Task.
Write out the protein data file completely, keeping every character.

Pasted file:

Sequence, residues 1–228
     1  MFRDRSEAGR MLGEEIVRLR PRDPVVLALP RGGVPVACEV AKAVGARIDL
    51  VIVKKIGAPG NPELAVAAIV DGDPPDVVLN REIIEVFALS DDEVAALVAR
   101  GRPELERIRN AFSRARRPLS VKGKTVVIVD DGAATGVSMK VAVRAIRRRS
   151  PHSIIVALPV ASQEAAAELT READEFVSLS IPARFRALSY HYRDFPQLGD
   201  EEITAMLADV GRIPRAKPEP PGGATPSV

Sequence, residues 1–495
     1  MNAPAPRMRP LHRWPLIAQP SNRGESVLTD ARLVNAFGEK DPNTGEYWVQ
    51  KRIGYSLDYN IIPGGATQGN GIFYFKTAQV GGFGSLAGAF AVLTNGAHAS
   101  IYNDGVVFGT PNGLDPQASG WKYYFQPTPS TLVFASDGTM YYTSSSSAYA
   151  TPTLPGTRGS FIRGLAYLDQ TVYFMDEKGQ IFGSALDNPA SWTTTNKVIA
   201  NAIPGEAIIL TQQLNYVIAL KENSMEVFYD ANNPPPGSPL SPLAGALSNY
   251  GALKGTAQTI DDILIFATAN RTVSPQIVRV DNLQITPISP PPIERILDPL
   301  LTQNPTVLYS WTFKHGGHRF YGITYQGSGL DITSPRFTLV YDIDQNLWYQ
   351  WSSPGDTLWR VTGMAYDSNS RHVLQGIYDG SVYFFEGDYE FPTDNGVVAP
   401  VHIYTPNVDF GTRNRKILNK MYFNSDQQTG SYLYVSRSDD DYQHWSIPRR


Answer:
Sequence, residues 1–228
     1  MFRDRSEAGR MLGEEIVRLR PRDPVVLALP RGGVPVACEV AKAVGARIDL
    51  VIVKKIGAPG NPELAVAAIV DGDPPDVVLN REIIEVFALS DDEVAALVAR
   101  GRPELERIRN AFSRARRPLS VKGKTVVIVD DGAATGVSMK VAVRAIRRRS
   151  PHSIIVALPV ASQEAAAELT READEFVSLS IPARFRALSY HYRDFPQLGD
   201  EEITAMLADV GRIPRAKPEP PGGATPSV

Sequence, residues 1–495
     1  MNAPAPRMRP LHRWPLIAQP SNRGESVLTD ARLVNAFGEK DPNTGEYWVQ
    51  KRIGYSLDYN IIPGGATQGN GIFYFKTAQV GGFGSLAGAF AVLTNGAHAS
   101  IYNDGVVFGT PNGLDPQASG WKYYFQPTPS TLVFASDGTM YYTSSSSAYA
   151  TPTLPGTRGS FIRGLAYLDQ TVYFMDEKGQ IFGSALDNPA SWTTTNKVIA
   201  NAIPGEAIIL TQQLNYVIAL KENSMEVFYD ANNPPPGSPL SPLAGALSNY
   251  GALKGTAQTI DDILIFATAN RTVSPQIVRV DNLQITPISP PPIERILDPL
   301  LTQNPTVLYS WTFKHGGHRF YGITYQGSGL DITSPRFTLV YDIDQNLWYQ
   351  WSSPGDTLWR VTGMAYDSNS RHVLQGIYDG SVYFFEGDYE FPTDNGVVAP
   401  VHIYTPNVDF GTRNRKILNK MYFNSDQQTG SYLYVSRSDD DYQHWSIPRR